We have a date — Returnal, one of the first compelling PS5 exclusives, is making the jump to PC on February 15th. Sony announced the date today in an official blog post that also reveals the haunting alien 3D bullet hell’s full PC system requirements — and lists a remarkable number of flagship PC gaming features.
The biggest surprise is probably this: the game no longer recommends 32GB of RAM. In December, we reported that Returnal would be one of the very first games to ask for that much memory, but it’s no longer part of the “recommended” spec. Now, Sony suggests you’ll be able to hit 1080p 60fps at “high” levels of detail with just 16GB of RAM, an RTX 2070 Super or RX 6700 XT, and a 3.7GHz Intel i7-8700, Ryzen 7 2700X, or better.
All specs do recommend you load the game from a solid state drive, which makes sense — Returnal was one of the first PS5 games to make obvious use of faster storage.
If that sounds like a light lift for your PC, though, you can absolutely go higher than that. You can play at 4K, with ray tracing for shadows and / or reflections, and there’s an “epic” graphics tier that does recommend 32GB of RAM plus an RTX 3080, RX 6800 XT, or better. And the game will support ultrawide monitors at both 21:9 and 32:9 aspect ratios — like the monster Samsung Odyssey G9 lineup and its new competition.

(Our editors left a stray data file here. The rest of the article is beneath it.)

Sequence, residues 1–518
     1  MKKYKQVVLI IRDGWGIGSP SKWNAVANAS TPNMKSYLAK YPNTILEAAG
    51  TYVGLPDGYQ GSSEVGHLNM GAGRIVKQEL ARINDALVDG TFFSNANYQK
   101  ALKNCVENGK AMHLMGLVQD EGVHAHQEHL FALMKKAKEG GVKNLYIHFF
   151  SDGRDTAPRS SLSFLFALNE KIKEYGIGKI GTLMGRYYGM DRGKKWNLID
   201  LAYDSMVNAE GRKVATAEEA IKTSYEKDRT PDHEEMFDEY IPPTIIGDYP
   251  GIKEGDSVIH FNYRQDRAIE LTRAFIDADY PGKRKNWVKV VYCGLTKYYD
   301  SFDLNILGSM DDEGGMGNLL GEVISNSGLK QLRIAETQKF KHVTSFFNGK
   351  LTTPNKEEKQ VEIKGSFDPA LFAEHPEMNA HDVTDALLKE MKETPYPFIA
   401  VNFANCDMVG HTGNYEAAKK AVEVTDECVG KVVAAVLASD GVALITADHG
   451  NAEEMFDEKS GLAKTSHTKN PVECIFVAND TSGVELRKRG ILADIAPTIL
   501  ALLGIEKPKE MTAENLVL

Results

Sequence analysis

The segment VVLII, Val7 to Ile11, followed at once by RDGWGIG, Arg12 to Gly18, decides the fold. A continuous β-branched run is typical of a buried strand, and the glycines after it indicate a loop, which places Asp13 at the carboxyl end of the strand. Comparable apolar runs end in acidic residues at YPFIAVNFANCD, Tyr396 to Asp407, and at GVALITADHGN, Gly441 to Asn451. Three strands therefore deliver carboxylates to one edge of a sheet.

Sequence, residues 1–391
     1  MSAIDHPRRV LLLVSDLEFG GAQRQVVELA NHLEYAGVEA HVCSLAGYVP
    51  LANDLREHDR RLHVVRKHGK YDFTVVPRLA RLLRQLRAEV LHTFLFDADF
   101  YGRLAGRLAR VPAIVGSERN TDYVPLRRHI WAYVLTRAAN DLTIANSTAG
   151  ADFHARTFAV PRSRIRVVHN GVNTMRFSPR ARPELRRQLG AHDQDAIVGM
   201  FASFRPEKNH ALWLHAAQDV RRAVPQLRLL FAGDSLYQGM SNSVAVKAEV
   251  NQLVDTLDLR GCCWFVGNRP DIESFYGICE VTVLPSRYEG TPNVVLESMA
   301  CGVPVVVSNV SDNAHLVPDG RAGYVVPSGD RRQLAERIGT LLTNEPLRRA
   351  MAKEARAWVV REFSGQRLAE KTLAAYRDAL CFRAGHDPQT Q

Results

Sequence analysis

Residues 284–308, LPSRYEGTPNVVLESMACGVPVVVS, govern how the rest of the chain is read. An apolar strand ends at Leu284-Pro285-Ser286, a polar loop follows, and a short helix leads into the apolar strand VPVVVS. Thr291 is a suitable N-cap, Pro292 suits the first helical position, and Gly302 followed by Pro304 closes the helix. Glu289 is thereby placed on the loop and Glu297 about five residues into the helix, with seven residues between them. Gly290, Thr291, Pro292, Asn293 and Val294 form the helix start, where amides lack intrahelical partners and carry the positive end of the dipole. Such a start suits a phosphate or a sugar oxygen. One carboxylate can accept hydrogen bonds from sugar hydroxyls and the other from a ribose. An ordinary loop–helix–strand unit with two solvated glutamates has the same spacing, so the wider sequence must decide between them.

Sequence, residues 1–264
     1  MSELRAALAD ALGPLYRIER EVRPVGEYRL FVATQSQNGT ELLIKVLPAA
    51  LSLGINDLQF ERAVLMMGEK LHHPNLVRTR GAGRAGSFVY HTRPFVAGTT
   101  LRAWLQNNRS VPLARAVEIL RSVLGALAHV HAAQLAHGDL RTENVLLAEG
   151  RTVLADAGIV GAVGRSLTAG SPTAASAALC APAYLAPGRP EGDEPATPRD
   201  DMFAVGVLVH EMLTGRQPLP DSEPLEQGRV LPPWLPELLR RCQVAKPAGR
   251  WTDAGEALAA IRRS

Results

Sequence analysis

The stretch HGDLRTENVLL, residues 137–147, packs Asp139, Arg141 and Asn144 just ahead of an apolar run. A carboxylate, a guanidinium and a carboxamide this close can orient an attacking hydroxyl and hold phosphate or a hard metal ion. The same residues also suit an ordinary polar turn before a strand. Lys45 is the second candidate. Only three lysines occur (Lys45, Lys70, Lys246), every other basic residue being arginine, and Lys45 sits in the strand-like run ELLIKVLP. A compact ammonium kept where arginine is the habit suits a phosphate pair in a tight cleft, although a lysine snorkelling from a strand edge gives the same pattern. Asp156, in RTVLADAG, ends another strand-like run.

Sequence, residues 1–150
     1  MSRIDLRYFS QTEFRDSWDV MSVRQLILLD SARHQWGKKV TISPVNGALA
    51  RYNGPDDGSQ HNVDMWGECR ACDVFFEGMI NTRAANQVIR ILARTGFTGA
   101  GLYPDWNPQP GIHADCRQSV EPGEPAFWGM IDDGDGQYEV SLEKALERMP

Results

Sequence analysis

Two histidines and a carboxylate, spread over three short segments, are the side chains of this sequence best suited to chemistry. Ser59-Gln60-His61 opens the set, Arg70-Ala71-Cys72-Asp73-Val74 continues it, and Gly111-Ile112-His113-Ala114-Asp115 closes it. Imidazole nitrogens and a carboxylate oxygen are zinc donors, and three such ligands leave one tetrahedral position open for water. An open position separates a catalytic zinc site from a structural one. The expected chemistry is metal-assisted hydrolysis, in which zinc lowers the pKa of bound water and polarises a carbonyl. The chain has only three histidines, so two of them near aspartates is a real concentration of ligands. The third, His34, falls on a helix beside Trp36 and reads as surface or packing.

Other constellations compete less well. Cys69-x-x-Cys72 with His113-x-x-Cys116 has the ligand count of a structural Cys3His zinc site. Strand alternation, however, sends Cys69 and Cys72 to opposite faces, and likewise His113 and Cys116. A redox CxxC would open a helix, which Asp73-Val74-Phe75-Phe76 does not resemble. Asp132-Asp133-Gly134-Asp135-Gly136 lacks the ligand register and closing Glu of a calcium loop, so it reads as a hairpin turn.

The game will also feature Dolby Atmos audio — assuming you plug it into a compatible speaker system — and you can plug in your PS5’s DualSense controller to experience the game’s excellent haptic feedback, adaptive triggers, and extra immersive sound from the controller speaker.
If you don’t have the horsepower for your configuration of choice, the game will also feature AMD FSR and Nvidia’s DLSS upscaling techniques — though Sony doesn’t say which versions. And with Sony recommending a GTX 1060 just to hit 720p 60fps at low spec, I suspect the Steam Deck will have a tough time. Fingers crossed for a solid 40fps, but I bet it’ll be a 30fps game there.
Either way, it’s great to see Sony wholeheartedly support the PC as planned. It’s a welcome change from the days it expected people to buy proprietary discs and memory sticks to play its titles. I wonder if Sony might go the more open route with PSVR2 games as well.